|Viel et al. 2020||To investigate the therapeutic potential of treatment with low doses of lithium in patients with Alzheimer and COVID-19.||Culture of human astrocytes.||Determination of IL-6 levels (ELISA) in culture of human astrocytes.||Low doses of lithium suppress IL-6, which is positively correlated with the severity of COVID-19.
Lithium may constitute a novel potential therapeutic to reduce the virulence of SARS-CoV-2.
|Rejdak and Grieb 2020||To evaluate the effects of adamantanes in COVID-19 infection in a patient with Parkinson’s disease.||Patients suffering from multiple sclerosis (n = 10), Parkinson’s disease (n = 5), or cognitive impairment (n = 7).||Questionnaire-based study to assess the severity of COVID-19 in patients suffering from multiple sclerosis, Parkinson’s disease, or cognitive impairment.||There are protective effects of adamantanes against the manifestation of COVID-19, especially in individuals who suffer from neurological diseases.|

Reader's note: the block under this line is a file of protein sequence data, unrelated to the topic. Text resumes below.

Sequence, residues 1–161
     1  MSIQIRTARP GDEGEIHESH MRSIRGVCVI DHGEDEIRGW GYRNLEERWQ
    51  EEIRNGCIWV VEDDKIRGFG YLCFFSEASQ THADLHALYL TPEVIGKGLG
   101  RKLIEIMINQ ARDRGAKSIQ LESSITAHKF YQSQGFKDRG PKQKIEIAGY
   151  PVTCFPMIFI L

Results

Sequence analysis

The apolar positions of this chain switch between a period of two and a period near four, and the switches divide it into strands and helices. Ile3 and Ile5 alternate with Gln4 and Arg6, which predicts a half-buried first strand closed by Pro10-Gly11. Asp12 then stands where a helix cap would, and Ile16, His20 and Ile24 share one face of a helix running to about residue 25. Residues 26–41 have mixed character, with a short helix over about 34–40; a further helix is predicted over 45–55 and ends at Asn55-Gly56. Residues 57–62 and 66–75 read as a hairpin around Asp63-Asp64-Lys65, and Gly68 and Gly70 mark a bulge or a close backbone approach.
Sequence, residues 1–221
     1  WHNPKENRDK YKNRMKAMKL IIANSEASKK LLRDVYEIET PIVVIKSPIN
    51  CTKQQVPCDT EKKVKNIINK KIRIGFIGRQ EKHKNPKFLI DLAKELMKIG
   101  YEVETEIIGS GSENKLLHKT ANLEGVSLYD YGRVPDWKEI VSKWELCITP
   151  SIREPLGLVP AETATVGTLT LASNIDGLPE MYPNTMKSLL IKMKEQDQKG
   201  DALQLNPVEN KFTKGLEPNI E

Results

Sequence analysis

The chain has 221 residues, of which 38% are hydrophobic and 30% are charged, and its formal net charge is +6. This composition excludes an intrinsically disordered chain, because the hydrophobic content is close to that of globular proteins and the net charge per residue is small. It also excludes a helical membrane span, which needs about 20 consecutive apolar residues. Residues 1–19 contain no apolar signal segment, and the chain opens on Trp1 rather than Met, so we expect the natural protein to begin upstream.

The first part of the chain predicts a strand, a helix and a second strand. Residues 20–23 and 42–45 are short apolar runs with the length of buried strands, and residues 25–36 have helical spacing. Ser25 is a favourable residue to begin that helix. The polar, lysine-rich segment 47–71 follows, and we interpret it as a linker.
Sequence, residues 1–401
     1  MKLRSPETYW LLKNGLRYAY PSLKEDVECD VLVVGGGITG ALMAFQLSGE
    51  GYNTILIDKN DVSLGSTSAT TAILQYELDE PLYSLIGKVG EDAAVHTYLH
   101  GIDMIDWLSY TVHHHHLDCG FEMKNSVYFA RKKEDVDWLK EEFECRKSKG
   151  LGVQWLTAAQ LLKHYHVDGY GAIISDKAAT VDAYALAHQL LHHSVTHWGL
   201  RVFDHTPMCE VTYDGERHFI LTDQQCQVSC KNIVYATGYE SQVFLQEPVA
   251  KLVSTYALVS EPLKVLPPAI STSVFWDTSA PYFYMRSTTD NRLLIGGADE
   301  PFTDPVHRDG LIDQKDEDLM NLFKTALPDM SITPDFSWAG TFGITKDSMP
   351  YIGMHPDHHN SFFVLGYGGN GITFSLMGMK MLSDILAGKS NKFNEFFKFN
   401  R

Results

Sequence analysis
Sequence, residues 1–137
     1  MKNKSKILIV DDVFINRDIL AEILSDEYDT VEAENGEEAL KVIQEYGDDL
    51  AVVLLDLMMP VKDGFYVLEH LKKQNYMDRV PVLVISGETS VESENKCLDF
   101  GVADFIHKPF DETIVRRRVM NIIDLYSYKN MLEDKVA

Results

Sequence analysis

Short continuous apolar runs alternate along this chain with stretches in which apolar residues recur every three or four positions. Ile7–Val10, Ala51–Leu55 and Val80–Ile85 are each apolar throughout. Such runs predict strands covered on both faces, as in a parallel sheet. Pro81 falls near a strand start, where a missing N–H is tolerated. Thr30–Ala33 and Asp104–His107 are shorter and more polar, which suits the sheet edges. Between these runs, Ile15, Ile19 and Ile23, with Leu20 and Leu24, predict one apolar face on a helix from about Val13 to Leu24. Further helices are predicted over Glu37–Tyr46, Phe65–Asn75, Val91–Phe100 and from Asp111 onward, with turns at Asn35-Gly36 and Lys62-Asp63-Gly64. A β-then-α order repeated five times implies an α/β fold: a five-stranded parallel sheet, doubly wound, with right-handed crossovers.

|Bhidayasiri et al. 2020||To explore the risk of COVID-19 in Parkinson’s disease patients, its impact on disease severity, possible long-term sequelae, and difficulties in managing Parkinson’s symptoms during the world pandemic.||Literature review.||Literature review on neurological complications in Parkinson’s disease during COVID-19.||Early evidence of hyposmia and encephalitis are important clues that neurologists should monitor in patients, despite being seronegative and discharged at home, as long-term complications are possible.|